| You can't take it with you, and that definitely
pleases the Internal Revenue Service. But the tax collector
doesn't want you to leave a lot of your money to heirs,
either. So it makes some senior citizens dip into their
nest eggs each year under threat of additional taxation.
And the IRS wants these
taxpayers to lighten their retirement reserves soon.
April 1, to be exact.
If you turned 70½ last year and
haven't yet started spending what Uncle Sam thinks you
should, on April 1 you have to take an IRS-specified
amount out of your retirement account, even if you're
This withdrawal, known as a required minimum
distribution, must come out of retirement savings where
taxes have been deferred. This includes several popular
IRAs -- traditional, simplified employee pension, or
SEP, and SIMPLE accounts -- as well as certain employer-sponsored
It's no secret why the IRS wants you to
start drawing down these accounts. Your money has been
sitting there for years, tantalizingly out of reach
of the tax collector as it accrued tax-deferred earnings.
You don't care what the rules are. You don't need the
money, you don't want to pay taxes on any withdrawals,
and you're leaving your account untouched. Not a good
The IRS will hit you with an excess accumulation
tax. This levy is 50 percent of the required distribution
that you didn't take. For example, you didn't withdraw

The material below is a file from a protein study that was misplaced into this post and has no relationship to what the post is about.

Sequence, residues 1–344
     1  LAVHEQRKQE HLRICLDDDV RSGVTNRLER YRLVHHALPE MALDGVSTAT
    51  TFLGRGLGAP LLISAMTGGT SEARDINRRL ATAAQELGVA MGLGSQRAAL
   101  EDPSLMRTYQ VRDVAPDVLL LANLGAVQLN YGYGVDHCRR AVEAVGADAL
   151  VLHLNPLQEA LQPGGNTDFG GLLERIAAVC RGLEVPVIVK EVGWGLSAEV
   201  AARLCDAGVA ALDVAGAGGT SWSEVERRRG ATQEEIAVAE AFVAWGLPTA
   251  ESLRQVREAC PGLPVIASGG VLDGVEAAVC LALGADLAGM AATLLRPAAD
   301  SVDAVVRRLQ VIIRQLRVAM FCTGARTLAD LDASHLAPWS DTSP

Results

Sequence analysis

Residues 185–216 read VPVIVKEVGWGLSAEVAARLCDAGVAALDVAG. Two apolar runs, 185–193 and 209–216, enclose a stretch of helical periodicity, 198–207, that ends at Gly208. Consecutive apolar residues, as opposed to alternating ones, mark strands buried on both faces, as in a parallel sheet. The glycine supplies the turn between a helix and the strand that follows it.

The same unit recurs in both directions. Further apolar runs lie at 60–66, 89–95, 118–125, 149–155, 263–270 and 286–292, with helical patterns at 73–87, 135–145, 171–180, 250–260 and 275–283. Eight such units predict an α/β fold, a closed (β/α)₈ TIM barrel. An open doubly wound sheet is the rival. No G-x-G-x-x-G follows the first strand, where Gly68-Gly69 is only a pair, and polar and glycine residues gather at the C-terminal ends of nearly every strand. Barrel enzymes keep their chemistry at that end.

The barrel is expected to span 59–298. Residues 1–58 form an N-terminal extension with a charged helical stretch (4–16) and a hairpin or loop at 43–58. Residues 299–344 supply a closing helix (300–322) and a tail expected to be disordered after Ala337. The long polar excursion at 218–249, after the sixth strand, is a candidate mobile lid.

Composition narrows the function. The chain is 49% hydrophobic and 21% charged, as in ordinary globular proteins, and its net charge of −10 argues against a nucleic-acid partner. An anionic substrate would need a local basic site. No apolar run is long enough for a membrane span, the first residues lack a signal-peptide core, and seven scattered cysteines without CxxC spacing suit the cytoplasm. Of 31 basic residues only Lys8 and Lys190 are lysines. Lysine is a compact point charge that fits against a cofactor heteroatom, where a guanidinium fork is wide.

the required $1,000 from your traditional IRA. The tax
charge for your defiance is $500. For a taxpayer in
the 25-percent income tax bracket, that's twice what
you would have paid in taxes if you'd simply followed
the distribution rule.
If you can convince the IRS that your
distribution shortfall was due to "reasonable error"
and that you're taking steps to rectify the situation,
the agency could waive the penalty. In that case, file
Form 5329, go ahead and pay the excess accumulation
tax, and attach a letter of explanation. If the IRS
agrees that you shouldn't be penalized, it will refund
the excess tax.
OK, you've accepted that you must start siphoning off
your retirement fund. Just how much do you have to withdraw?
The IRS has created three tables based
on life expectancies to figure the minimum withdrawal
amount, which is a percentage of your IRA based on your
- Retirement-plan beneficiaries use the
- Married account owners with spouses
more than 10 years younger use the second table. Since
its calculations incorporate the younger age of the
spouse to spread withdrawals over a longer life expectancy,
you don't have to take out as much.
- Most account holders use table three,
known as the Uniform
Lifetime Table. It is for singles and married
savers with spouses closer to their own ages.